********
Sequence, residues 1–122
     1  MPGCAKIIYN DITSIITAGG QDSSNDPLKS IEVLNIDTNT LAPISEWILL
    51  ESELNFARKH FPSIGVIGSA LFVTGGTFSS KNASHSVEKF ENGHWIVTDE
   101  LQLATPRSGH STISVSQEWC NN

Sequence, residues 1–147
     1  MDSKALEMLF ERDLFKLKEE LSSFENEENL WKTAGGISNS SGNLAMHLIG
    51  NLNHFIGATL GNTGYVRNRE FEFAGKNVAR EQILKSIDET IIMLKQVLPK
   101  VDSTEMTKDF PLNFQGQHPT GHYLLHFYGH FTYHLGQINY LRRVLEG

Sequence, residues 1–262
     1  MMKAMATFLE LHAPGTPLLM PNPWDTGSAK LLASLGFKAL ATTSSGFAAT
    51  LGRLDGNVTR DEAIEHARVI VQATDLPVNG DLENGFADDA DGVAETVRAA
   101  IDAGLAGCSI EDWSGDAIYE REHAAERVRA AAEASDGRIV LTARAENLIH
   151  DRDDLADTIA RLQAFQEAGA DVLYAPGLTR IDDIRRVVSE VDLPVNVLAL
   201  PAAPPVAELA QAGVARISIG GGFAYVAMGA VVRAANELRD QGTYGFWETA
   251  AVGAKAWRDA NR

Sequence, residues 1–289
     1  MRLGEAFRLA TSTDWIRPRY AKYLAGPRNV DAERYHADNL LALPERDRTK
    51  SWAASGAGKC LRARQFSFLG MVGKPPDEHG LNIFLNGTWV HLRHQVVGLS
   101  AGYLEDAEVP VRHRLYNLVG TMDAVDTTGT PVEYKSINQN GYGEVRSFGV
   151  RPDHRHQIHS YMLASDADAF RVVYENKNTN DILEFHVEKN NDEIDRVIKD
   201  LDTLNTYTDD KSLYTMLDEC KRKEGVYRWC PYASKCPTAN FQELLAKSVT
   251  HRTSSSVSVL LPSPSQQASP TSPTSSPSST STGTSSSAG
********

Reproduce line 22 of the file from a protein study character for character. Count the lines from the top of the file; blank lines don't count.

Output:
   251  HRTSSSVSVL LPSPSQQASP TSPTSSPSST STGTSSSAG